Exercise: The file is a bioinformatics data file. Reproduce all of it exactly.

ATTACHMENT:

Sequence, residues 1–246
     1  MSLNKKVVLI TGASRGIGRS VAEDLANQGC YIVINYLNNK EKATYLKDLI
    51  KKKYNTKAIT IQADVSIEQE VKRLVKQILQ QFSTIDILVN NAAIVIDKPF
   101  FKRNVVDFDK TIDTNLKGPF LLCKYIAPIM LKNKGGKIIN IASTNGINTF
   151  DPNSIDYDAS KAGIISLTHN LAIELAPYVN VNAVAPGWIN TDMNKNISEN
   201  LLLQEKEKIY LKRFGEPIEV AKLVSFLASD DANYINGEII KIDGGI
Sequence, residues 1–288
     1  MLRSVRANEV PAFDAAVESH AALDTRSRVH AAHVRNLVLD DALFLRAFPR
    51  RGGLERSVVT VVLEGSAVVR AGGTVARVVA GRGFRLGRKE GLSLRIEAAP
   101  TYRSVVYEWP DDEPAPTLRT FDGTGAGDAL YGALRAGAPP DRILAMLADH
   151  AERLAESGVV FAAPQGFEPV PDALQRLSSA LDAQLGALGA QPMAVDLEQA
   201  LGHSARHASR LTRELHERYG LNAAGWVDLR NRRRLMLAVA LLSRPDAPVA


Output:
Sequence, residues 1–246
     1  MSLNKKVVLI TGASRGIGRS VAEDLANQGC YIVINYLNNK EKATYLKDLI
    51  KKKYNTKAIT IQADVSIEQE VKRLVKQILQ QFSTIDILVN NAAIVIDKPF
   101  FKRNVVDFDK TIDTNLKGPF LLCKYIAPIM LKNKGGKIIN IASTNGINTF
   151  DPNSIDYDAS KAGIISLTHN LAIELAPYVN VNAVAPGWIN TDMNKNISEN
   201  LLLQEKEKIY LKRFGEPIEV AKLVSFLASD DANYINGEII KIDGGI
Sequence, residues 1–288
     1  MLRSVRANEV PAFDAAVESH AALDTRSRVH AAHVRNLVLD DALFLRAFPR
    51  RGGLERSVVT VVLEGSAVVR AGGTVARVVA GRGFRLGRKE GLSLRIEAAP
   101  TYRSVVYEWP DDEPAPTLRT FDGTGAGDAL YGALRAGAPP DRILAMLADH
   151  AERLAESGVV FAAPQGFEPV PDALQRLSSA LDAQLGALGA QPMAVDLEQA
   201  LGHSARHASR LTRELHERYG LNAAGWVDLR NRRRLMLAVA LLSRPDAPVA